• charlesstanier

COVID-19 Aerosol Transmission Calculator - Customized to Iowa

Please download the excel sheet here:


Version July 10.

Summary, Implications, and Recommendations


This calculator determines the number of new COVID-19 infections in a space (classroom, etc.) due to aerosol transmission, accounting for infectious aerosol in the breath of asymptomatic individuals. The aerosols, at sizes 7 microns and below, are emitted from the normal action of breathing and talking -- they have lifetimes of hours in air, and widely disperse throughout indoor spaces. Symptomatic individuals emit these aerosols too, but we assume symptomatic individuals self-quarantine and are not in our classroom spaces. The model accounts for occupancy reduction, heating-ventilation-air conditioning (HVAC) characteristics, and mask usage.

This tool combines work on ventilation done by Charles Stanier and Tom Peters for the ventilation sub-committee at the University of Iowa, with new quantitative infection probability tools released by Jose Jimenez, Shelly Miller, and others [Jimenez, Miller Airborne Transmission Estimator (https://tinyurl.com/covid-estimator)]. The Jimenez calculator requires a number of inputs, which may be difficult for decision makers to evaluate; therefore, we have put University of Iowa specific values in place, in line with the discussions and tests of the ventilation committee over May and June 2020.

The calculator takes as input, the ventilation type of the room, the occupant density, mask compliance, and the number of contagious people in the room. It takes into account transmission from asymptomatic cases only, and assumes 100% compliance of self-quarantine when symptoms appear. The results from this calculator agrees to those from the Jimenez estimator within expected variation. The calculator has also been used to reproduce the Skagit Valley choir outbreak (this calculator underpredicts the Skagit valley case, and thus may be a conservative tool).


Under realistic scenarios, with 80% compliance with masks, the number of new infections on campus from aerosol transmission inside classrooms buildings could range from 10 to 31 cases per day (650 to 2,015 for a 13 week semester). These infection rates (10-31 cases per day), because of the high ratio of asymptomatic cases and cases not confirmed by testing, may only yield one to three test-confirmed cases per day. This can be compared to rates of new test-confirmed cases (using July 8 weekly average) in Iowa (343/day) or Johnson county (23/day). At 90% mask compliance, infection rates are reduced by about 9%. Under nonindeal cases (limited ventilation, large amounts of talking, low mask usage, and normal occupancy levels), infection risks can be much higher, exceeding 10% per hour per person.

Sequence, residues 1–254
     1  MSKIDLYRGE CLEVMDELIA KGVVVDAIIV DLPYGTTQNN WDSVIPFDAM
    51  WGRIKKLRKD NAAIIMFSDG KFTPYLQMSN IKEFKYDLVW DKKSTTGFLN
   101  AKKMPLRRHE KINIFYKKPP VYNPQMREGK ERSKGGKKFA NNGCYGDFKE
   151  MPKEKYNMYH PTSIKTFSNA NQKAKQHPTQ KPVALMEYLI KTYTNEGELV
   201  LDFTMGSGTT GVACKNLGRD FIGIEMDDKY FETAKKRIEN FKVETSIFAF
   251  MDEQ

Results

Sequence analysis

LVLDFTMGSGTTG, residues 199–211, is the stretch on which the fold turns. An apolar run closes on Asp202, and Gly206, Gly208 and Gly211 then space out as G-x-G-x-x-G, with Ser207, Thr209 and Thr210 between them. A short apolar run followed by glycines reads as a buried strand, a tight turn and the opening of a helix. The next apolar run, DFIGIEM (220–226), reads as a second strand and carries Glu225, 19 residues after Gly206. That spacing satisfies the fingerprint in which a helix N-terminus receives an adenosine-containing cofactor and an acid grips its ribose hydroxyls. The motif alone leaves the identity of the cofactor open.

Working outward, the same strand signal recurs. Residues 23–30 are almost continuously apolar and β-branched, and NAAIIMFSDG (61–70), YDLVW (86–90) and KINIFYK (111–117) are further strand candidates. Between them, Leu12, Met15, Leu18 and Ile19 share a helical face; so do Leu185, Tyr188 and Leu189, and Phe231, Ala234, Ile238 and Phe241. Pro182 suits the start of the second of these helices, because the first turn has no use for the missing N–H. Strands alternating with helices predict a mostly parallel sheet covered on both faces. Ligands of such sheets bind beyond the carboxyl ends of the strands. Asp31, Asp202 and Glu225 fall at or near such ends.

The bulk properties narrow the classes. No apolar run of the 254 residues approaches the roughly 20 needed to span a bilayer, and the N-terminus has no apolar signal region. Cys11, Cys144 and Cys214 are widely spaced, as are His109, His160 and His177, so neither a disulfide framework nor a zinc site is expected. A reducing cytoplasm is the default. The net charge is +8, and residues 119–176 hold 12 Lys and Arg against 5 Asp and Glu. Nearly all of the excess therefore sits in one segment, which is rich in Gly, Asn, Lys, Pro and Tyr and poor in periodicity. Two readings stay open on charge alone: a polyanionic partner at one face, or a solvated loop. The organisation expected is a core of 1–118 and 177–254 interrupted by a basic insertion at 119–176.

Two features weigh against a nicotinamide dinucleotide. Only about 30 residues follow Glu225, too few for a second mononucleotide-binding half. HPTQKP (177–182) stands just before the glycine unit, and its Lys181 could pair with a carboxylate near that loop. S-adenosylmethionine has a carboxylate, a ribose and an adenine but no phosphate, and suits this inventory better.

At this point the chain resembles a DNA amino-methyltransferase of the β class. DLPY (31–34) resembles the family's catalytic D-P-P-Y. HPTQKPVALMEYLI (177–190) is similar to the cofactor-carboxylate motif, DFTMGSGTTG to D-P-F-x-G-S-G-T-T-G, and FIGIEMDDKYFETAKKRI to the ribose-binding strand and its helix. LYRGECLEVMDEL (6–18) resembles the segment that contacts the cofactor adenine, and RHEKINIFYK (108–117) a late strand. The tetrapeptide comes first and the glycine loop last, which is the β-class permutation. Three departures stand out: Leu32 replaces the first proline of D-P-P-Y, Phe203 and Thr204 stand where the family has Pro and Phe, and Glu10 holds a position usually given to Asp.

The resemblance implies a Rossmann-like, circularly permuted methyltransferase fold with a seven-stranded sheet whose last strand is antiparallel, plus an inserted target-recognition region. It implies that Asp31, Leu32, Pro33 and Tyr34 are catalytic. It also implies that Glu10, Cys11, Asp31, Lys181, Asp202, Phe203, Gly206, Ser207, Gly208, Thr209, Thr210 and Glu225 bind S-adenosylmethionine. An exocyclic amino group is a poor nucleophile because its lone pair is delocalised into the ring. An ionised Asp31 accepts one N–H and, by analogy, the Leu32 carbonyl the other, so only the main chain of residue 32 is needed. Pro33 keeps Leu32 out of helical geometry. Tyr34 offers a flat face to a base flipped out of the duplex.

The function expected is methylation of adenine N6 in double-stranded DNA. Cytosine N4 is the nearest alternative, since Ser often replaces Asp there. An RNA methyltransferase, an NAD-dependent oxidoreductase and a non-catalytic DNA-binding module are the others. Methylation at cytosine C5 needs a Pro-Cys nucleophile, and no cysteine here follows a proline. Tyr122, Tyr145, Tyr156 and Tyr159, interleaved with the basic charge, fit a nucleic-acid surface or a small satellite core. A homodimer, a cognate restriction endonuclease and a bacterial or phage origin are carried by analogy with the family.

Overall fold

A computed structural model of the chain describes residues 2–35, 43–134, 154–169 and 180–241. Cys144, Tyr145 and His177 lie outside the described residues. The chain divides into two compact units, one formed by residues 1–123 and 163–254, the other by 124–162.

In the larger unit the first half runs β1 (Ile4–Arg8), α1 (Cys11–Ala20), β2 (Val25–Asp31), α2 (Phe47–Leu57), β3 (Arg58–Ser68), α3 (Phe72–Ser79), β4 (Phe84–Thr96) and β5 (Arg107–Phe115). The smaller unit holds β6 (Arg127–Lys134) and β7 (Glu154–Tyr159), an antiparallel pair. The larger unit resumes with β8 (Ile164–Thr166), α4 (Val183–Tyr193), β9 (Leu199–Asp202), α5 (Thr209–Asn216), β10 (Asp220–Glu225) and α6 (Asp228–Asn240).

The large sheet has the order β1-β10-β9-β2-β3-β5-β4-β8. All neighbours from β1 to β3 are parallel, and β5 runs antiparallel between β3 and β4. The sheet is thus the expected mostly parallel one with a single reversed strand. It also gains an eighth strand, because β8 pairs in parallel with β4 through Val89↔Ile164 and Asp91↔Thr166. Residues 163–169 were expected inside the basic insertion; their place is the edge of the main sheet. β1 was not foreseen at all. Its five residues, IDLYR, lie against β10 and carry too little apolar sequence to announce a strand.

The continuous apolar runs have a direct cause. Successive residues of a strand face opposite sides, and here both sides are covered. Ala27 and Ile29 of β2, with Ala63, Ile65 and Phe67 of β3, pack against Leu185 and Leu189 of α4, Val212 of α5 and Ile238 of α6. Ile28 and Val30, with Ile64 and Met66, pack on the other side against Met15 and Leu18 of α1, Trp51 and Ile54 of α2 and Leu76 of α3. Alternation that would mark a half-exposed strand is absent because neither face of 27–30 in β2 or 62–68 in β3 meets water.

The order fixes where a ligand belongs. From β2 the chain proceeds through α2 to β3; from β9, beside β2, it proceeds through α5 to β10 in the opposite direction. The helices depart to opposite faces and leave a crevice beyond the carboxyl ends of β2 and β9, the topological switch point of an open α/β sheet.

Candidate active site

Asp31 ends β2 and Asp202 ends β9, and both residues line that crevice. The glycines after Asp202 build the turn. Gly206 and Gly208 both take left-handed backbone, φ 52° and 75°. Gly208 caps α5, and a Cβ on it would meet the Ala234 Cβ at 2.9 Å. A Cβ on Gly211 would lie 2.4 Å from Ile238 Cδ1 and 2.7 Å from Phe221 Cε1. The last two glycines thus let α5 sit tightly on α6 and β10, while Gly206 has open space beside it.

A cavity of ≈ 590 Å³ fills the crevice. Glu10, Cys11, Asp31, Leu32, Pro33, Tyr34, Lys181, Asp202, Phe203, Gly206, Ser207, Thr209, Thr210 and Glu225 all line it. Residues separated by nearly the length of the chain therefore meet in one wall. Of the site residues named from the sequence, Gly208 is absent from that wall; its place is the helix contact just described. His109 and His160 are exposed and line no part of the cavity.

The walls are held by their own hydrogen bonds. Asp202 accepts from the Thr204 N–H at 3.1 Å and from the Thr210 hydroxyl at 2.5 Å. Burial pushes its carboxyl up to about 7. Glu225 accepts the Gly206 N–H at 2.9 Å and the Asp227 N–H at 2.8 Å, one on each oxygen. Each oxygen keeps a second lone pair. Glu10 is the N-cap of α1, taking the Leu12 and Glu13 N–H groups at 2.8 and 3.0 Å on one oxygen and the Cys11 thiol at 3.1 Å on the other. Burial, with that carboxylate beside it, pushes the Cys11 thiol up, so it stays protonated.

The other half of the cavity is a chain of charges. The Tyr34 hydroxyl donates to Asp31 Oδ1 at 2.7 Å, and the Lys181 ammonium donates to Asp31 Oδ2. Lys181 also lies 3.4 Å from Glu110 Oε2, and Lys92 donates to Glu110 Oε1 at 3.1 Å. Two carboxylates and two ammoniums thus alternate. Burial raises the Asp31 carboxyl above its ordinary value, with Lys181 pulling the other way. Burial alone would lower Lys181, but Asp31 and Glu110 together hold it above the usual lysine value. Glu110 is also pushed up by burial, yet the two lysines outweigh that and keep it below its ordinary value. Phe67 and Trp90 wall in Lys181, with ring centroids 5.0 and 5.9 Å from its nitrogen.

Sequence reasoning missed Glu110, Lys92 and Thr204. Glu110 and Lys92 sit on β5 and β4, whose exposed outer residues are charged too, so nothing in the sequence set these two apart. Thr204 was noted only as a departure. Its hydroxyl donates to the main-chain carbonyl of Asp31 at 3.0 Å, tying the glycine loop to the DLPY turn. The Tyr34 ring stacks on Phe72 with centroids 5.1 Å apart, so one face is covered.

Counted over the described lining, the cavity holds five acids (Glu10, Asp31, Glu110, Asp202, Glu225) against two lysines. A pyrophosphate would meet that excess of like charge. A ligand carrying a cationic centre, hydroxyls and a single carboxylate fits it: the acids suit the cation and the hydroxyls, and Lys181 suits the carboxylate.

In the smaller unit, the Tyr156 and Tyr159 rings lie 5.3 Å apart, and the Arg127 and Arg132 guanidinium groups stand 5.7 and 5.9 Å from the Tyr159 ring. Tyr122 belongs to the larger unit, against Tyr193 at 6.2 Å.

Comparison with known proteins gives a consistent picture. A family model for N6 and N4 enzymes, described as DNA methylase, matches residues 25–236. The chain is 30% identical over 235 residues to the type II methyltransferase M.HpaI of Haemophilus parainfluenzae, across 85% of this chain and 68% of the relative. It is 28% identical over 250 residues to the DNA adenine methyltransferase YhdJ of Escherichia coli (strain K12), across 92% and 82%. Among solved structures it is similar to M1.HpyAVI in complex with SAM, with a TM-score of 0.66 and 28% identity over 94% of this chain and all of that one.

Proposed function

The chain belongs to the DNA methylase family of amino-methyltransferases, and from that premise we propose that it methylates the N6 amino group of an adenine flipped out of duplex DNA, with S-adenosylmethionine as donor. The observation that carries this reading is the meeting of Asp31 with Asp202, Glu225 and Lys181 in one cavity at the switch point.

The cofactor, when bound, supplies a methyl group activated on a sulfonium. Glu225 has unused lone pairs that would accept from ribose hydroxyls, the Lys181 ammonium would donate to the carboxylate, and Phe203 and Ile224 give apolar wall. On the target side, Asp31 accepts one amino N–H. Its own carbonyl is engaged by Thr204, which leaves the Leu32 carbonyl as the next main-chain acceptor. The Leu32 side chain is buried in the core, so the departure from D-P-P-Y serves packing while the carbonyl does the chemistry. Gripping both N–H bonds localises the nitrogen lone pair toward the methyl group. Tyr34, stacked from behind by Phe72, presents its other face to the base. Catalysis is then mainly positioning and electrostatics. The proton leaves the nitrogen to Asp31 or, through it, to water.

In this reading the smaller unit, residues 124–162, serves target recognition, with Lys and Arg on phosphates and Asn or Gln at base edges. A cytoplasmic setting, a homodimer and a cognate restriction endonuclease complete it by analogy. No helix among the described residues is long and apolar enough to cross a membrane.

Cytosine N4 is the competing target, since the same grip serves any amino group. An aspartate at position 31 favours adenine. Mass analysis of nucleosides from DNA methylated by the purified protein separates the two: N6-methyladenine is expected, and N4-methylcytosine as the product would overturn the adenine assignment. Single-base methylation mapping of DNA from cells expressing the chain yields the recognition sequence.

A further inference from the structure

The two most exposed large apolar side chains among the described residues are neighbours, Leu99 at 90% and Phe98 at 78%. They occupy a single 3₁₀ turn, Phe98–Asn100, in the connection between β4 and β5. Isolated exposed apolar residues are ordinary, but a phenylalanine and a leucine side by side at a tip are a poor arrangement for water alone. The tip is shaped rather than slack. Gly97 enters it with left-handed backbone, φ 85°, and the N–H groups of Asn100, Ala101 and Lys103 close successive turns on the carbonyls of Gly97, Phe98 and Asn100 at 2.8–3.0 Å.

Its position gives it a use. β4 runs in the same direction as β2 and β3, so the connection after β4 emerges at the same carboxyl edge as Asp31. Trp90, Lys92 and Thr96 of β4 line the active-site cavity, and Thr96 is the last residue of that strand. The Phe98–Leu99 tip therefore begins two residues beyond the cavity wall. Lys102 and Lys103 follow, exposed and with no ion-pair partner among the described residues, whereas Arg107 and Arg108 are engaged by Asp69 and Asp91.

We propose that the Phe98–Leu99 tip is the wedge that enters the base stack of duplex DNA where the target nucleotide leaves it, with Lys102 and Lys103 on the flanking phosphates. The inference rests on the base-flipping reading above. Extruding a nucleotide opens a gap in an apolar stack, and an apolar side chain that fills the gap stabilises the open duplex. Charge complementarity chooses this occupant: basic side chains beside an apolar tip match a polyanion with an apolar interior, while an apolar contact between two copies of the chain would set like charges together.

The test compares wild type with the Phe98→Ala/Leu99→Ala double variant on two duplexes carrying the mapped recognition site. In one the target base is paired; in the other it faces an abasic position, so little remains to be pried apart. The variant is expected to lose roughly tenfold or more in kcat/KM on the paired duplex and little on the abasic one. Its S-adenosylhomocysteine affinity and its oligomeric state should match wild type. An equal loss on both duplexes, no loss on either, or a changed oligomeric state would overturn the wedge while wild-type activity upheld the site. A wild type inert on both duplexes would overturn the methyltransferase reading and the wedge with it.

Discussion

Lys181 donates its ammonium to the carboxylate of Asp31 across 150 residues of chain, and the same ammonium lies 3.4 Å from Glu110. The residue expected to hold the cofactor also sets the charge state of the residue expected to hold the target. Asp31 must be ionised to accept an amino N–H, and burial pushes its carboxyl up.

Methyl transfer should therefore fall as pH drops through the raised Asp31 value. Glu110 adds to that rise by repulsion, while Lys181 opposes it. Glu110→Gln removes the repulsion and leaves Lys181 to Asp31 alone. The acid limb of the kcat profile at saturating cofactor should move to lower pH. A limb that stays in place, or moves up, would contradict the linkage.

Calculations are based on the assumption of 0.74% of people coming into classrooms asymptomatic but COVID-19 contagious. This value (0.74% contagious and asymptomatic) is a an estimate for the start-of-semester using an average of Iowa, Illinois, and Johnson County for July 8. The model assumes physical distancing and classroom occupancy reduction by a factor of two. The estimate above further assume that classrooms without mechanical ventilation are not used for holding classes in fall 2020. Worst case infection rates could rise to about 5 times higher if the case load in the campus community increases, driven by the number of infectious people and their associated viral bioaerosol emissions (i.e. reaching 50-150 total cases per day, with 5-14 per day test-confirmed cases).

As a consequence, the University should expect and plan for significant community transmission from the aerosol inhalation route, driven by emissions from asymptomatic people talking. Surveillance, contact tracing and continued test of ventilation rates in spaces should be used to monitor this as the semester progresses. As the situation evolves, the University should be ready to respond with further changes in protective behaviors, classroom scheduling, shift-to-online, occupancy changes, etc.